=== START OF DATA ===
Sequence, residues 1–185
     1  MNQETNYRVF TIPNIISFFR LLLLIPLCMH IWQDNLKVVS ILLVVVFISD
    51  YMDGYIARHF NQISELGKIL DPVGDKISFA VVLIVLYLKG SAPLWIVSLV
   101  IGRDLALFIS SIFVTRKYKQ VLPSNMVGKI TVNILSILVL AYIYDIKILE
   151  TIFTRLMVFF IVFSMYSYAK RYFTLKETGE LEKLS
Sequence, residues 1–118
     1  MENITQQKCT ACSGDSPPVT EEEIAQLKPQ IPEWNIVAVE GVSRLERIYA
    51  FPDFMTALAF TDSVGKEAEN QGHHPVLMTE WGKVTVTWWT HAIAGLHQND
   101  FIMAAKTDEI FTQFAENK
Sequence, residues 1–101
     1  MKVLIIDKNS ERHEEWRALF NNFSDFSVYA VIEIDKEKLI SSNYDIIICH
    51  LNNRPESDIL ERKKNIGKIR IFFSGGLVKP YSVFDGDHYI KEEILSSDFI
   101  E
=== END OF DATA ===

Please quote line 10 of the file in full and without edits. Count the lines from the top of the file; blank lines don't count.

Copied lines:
Sequence, residues 1–101